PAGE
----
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  1. Jones, Julie M. PhD, LN, CNS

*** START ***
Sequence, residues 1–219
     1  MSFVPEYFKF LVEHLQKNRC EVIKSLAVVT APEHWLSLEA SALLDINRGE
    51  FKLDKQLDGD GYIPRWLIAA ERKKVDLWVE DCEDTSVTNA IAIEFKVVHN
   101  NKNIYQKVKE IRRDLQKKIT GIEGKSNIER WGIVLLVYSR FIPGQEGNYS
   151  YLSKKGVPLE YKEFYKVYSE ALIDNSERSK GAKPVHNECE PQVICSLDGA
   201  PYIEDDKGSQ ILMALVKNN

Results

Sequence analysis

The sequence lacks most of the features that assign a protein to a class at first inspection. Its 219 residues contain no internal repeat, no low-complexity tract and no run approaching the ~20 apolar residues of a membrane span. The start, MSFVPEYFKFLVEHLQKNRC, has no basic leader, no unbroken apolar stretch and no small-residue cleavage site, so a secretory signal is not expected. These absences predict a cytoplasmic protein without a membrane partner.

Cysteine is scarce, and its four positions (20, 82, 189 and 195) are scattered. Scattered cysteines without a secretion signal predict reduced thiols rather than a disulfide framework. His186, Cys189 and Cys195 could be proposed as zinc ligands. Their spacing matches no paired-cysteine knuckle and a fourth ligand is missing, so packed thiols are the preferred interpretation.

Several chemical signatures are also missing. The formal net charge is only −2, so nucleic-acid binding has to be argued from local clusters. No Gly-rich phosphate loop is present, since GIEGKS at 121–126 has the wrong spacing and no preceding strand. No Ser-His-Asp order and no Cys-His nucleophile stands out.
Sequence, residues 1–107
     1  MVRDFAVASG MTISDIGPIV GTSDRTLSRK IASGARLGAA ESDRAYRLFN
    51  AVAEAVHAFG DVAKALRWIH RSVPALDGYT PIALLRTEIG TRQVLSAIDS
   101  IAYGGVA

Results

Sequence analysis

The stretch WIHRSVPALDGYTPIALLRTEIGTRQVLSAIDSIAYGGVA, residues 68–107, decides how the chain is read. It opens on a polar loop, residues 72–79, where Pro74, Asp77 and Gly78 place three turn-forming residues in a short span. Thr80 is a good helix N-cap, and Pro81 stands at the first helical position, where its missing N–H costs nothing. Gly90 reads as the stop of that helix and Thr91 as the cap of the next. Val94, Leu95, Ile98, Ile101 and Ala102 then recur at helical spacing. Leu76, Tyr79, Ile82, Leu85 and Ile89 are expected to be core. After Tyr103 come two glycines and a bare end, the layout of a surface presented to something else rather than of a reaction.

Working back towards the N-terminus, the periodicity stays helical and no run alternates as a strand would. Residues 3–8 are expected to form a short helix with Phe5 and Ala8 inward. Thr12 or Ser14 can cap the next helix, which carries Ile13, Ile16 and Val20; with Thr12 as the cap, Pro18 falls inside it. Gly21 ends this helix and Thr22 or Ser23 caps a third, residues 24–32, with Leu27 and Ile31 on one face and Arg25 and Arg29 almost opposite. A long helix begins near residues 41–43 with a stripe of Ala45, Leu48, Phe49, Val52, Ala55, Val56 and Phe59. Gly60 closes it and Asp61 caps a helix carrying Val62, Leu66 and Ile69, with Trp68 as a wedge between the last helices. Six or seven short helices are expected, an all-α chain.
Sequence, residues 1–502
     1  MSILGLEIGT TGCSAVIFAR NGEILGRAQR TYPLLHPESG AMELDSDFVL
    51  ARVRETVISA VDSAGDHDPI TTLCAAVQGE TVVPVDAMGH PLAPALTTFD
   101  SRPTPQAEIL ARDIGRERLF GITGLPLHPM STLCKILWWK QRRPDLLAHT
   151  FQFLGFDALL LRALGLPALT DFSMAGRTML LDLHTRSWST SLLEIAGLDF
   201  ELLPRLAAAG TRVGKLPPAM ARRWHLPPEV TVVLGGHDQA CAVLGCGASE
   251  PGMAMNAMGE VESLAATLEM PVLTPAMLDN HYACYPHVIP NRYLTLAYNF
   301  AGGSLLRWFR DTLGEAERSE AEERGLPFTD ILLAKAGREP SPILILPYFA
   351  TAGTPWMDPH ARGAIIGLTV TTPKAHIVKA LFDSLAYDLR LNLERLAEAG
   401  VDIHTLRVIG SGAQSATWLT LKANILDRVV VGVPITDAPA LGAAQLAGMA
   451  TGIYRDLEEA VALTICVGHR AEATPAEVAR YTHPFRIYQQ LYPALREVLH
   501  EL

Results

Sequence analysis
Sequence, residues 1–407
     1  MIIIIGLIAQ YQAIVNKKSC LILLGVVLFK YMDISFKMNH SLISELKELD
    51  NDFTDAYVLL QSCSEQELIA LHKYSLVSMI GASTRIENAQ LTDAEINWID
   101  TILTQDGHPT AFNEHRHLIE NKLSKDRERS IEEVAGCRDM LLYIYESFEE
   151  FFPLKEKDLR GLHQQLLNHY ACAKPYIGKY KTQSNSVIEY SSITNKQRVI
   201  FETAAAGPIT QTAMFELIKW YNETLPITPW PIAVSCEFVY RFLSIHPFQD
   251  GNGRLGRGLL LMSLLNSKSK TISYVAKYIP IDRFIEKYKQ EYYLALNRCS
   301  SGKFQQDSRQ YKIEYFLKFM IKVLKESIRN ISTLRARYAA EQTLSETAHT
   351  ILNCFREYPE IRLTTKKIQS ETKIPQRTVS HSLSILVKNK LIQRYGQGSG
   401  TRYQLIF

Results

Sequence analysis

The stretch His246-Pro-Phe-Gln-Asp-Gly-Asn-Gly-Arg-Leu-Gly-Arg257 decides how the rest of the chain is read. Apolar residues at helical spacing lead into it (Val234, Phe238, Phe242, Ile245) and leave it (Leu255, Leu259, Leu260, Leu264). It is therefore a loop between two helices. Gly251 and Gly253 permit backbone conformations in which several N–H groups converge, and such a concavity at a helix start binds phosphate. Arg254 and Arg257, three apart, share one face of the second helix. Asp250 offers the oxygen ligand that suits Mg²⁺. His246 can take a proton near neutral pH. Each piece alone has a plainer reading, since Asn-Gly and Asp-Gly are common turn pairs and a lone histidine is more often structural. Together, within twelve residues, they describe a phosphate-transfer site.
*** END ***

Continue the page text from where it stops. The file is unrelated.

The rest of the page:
Lowering the glycemic index (GI) and glycemic load (GL) as a strategy to prevent weight gain, enable weight maintenance, and/or promote weight loss is a subject in the popular and scientific literature. Proponents both for and against such a dietary strategy can produce data from the scientific literature that support either position. This narrative review focuses on the role of GI or GL and weight and emanates from the white paper completed for the Wheat Foods Council. In addition, for the series in this publication, findings from relevant papers published since the completion of the white paper were added to the review. Overall, the findings are mixed. Studies in the aggregate fail to show a clear conclusion regarding the efficacy of adopting a low-GI or low-GL strategy for prevention of obesity or for any other aspect of weight control. Large cohort studies actually show that those whose diets are highest in GL tend to have lower body mass indexes. Intervention studies do not show an advantage of a low-GI or -GL diet for weight loss when calories are controlled. The impact of GI and GL on waist circumference, satiety, and hormones or other measures appears to be dependent on the characteristics of the participant, such as age and gender. Differences in diet composition to achieve lower GI or GL also impact outcomes. One large, recent study suggests that changes in GI alone may not matter, but that the interaction of high dietary protein and low-GI diets may help with prevent weight gain in children and aid weight loss and maintenance in adults, but more research is needed.